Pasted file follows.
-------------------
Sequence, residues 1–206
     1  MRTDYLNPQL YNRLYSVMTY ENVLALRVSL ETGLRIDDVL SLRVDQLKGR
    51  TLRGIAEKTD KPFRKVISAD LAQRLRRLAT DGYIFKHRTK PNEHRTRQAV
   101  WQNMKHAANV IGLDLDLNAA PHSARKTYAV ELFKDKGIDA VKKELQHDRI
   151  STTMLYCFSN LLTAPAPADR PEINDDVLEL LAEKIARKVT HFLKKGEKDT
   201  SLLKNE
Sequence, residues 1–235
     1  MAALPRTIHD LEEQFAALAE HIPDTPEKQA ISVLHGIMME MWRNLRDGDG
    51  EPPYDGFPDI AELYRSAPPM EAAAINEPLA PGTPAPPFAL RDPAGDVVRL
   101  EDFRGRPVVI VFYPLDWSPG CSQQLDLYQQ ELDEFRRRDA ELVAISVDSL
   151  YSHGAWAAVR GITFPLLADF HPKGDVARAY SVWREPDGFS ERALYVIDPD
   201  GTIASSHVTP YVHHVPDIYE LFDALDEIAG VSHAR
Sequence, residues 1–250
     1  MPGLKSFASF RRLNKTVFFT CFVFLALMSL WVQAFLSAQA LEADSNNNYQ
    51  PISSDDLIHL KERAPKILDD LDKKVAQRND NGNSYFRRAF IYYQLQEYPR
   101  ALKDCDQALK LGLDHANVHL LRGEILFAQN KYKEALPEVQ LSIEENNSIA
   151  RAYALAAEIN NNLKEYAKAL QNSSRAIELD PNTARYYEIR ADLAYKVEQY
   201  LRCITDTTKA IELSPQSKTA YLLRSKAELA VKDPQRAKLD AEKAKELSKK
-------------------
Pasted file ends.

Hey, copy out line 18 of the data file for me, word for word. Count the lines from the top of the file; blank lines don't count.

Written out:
   201  LRCITDTTKA IELSPQSKTA YLLRSKAELA VKDPQRAKLD AEKAKELSKK